DecodeME Winter Webinar (Part 2)

Below is the transcript for the next 15 minutes of the DecodeME Winter Webinar.

Part 1 (the first 15 minutes of the Webinar) is already available.

More information, including how to sign up, can be found at https://www.decodeme.org.uk


Benefits of Solve ME‘s involvement and their Registry

Sadie: So just to answer Chris’s question [final question from Part 1 transcript] about being able to package up the information and giving it to your doctor or your healthcare team. It’s something that’s really important to us in the designing of the Registry. We’ve actually been able to do that for a few individuals in the Registry, where we take all of their data that they’ve entered and were able to package it up. It really provides something that’s seen as a little more objective and is well received by doctors and healthcare teams. It’s definitely something that can help with diagnosis.

In terms of the symptom tracking app – how it works is that you can enter symptoms that you’re experiencing. You can track them on a frequent basis. The default is every three days but you can change it to whatever frequency you want. And you can overlay that with what’s happening in your life. You can track whether you’ve had a stressful day, or whether you’ve taken too much exercise. And then you can graph all of that together. There’s a functionality where you can look at how your symptoms change over time, but you can also monitor what things have happened in your life that may be affecting your symptoms. You can look at Post Exertional Malaise. What led up to it, how long it lasted. You can start to look at patterns.

And the feedback we’ve had from the community is that it’s a really compelling way for them to be able to monitor what’s going on with their health and maybe make adjustments. I’m excited for the community to be able to play around with it. People are really enjoying using it.

Opportunities for people with ME who aren’t eligible for the study.

Sonya: Something to say around the inclusion and exclusion that Andy mentioned earlier on [see Transcript from Part 1]. We know that there will be some people who have a diagnosis of ME, have symptoms of ME, and have ME, but may not be sent a spit kit through this study. That doesn’t mean people don’t have ME. But there are specific research criteria that we need to apply to this study. And so we will have to be a bit selective, and that’s a really important part of what we’ll be doing as a team. But there is still an opportunity for you to be involved in lots of research. So we’re really encouraging everybody, even if you haven’t had a diagnosis, you can still go to the app when it’s launched with the DecodeME study, you can fill in our questionnaires, you can access the symptom tracker, and your data (if you consent) will still be hugely invaluable. So everybody can participate in this even if you’re not selected specifically to receive a spit kit.

How did you get involved in this study and ME research?

Andy: I’m the most obvious really. I’m a patient, so all of this is very personal to me. While I’m largely housebound (even more so obviously due to covid) I was able to get out occasionally, but most of my time is housebound. Obviously I have a better level of functioning than some of the many housebound patients out there. So I was able to get involved in various little projects, and along with a small team of other like-minded patients. I’m a co-founder of the Science for ME forum, where we look to, as the name suggests, focus on the science of ME. And from there I basically started reaching out to researchers and that led me to where I am today. What I’d ask other patients out there – we can all get involved in one form or another. So those with better functioning can get involved more deeply but even just on social media. Shares and likes can be so valuable so please do your bit.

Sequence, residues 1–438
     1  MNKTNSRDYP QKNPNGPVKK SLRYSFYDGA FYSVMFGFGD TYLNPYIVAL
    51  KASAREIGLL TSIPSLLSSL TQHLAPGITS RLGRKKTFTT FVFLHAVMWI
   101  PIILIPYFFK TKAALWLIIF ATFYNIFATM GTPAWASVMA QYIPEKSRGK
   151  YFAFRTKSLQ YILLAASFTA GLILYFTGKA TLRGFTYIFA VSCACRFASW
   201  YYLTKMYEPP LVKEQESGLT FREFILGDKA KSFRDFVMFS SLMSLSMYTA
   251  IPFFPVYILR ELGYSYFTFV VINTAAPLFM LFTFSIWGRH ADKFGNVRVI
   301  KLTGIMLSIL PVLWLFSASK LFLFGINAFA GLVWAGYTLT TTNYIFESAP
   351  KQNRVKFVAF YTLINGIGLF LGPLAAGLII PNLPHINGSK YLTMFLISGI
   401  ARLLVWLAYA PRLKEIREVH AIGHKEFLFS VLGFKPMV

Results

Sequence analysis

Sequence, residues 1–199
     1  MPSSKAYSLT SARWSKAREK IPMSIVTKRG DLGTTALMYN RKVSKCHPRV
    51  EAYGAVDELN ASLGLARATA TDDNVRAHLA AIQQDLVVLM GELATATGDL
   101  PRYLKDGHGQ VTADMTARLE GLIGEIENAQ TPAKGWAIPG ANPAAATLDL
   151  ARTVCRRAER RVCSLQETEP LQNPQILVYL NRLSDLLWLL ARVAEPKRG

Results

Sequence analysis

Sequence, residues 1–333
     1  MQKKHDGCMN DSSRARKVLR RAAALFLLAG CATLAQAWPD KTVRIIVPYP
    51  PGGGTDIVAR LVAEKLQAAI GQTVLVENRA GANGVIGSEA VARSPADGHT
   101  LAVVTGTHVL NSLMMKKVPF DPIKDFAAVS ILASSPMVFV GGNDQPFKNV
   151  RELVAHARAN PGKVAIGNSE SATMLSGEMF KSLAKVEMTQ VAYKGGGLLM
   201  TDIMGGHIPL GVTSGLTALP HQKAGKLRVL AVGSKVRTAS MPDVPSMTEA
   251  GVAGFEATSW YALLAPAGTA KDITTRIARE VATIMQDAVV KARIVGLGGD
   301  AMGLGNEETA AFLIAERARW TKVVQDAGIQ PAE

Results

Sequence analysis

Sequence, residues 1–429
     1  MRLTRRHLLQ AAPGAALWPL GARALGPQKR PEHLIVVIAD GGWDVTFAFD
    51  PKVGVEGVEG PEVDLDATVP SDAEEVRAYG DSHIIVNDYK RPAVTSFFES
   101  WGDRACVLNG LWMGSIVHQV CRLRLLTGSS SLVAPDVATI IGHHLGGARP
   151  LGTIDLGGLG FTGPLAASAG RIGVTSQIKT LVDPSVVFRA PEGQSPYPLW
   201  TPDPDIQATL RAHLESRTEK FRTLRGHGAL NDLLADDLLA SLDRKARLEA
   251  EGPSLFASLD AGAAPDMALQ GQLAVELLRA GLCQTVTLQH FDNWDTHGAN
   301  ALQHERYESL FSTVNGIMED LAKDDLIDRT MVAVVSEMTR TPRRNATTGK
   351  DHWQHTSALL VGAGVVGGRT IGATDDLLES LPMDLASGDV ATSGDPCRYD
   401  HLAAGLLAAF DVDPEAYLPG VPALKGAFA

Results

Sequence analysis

Chris: So I knew this guy at university called Simon McGrath. I knew him when he was well. And he didn’t stay well. He got ill, very badly ill, with ME. I felt I could do nothing. I was a scientist, sure, but I wasn’t really able to help him. Afterall I’m not a clinician. How can I help someone like him and so many others across the world? Well eventually I found myself doing human genetics and the technology has changed so dramatically in the last ten/fifteen years that identifying and pinpointing the genetic factors that tip the balance towards whether someone gets ME or not – that technology has been applied to so many different diseases. And it just appeared to me quite obvious that it should be applied here to ME.

And around about that time, or just before, I joined Stephen Holgate’s CMRC [UK CFS/ME Research Collaborative] and eventually together we kept on knocking on the door of all the funders, and answering all their questions, and sending them documents, and arguing the case for a genetic study of ME. And finally last year they said to us “Well put it in an application”. And by that time we had been working alongside everyone here and we had all of the expertise to hand to do that study. And so this is where we are now. And I’m all in on this project. I want it to work. I want it to work fast. For all of the reasons that everyone out there knows about. And everyone I talk to about this project, who are in this project, are of the same mind and so it’s importance cannot be understated and we know that.

Sadie: For those of you who don’t know, I come from Pharma. I worked in clinical development in Pharma, predominantly in the cancer setting. And I saw over the last ten or fifteen years how dramatic the change in our understanding of cancer has been as a result of big data. Breast cancer used to be a single disease and now people know that it’s ten or fifteen different diseases. And that’s really because of the amount of information that was available; to be able to look at the different types and identify where different treatments could work.